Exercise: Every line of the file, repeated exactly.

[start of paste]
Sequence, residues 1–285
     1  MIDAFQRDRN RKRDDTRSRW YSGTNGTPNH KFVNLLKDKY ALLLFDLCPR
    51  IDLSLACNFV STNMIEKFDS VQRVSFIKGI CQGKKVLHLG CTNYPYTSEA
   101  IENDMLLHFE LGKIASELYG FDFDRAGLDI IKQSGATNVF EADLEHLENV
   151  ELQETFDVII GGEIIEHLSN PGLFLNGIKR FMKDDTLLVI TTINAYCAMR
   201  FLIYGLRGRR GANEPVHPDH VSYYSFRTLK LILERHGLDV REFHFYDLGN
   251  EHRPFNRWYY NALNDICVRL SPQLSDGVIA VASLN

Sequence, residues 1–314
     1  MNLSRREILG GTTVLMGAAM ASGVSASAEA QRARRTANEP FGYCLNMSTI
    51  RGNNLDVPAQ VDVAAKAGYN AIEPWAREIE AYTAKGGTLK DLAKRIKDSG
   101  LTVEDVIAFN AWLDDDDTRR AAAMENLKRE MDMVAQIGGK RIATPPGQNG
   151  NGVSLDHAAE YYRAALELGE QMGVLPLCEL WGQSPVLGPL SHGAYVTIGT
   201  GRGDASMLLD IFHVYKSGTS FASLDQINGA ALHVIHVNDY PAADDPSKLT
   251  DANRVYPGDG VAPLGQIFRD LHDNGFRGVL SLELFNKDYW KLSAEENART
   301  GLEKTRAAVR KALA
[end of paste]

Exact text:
Sequence, residues 1–285
     1  MIDAFQRDRN RKRDDTRSRW YSGTNGTPNH KFVNLLKDKY ALLLFDLCPR
    51  IDLSLACNFV STNMIEKFDS VQRVSFIKGI CQGKKVLHLG CTNYPYTSEA
   101  IENDMLLHFE LGKIASELYG FDFDRAGLDI IKQSGATNVF EADLEHLENV
   151  ELQETFDVII GGEIIEHLSN PGLFLNGIKR FMKDDTLLVI TTINAYCAMR
   201  FLIYGLRGRR GANEPVHPDH VSYYSFRTLK LILERHGLDV REFHFYDLGN
   251  EHRPFNRWYY NALNDICVRL SPQLSDGVIA VASLN

Sequence, residues 1–314
     1  MNLSRREILG GTTVLMGAAM ASGVSASAEA QRARRTANEP FGYCLNMSTI
    51  RGNNLDVPAQ VDVAAKAGYN AIEPWAREIE AYTAKGGTLK DLAKRIKDSG
   101  LTVEDVIAFN AWLDDDDTRR AAAMENLKRE MDMVAQIGGK RIATPPGQNG
   151  NGVSLDHAAE YYRAALELGE QMGVLPLCEL WGQSPVLGPL SHGAYVTIGT
   201  GRGDASMLLD IFHVYKSGTS FASLDQINGA ALHVIHVNDY PAADDPSKLT
   251  DANRVYPGDG VAPLGQIFRD LHDNGFRGVL SLELFNKDYW KLSAEENART
   301  GLEKTRAAVR KALA